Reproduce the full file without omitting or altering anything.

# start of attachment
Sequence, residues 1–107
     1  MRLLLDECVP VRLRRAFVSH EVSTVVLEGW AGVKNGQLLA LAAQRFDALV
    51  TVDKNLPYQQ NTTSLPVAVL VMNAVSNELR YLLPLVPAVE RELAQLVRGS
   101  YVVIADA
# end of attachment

Sequence, residues 1–107
     1  MRLLLDECVP VRLRRAFVSH EVSTVVLEGW AGVKNGQLLA LAAQRFDALV
    51  TVDKNLPYQQ NTTSLPVAVL VMNAVSNELR YLLPLVPAVE RELAQLVRGS
   101  YVVIADA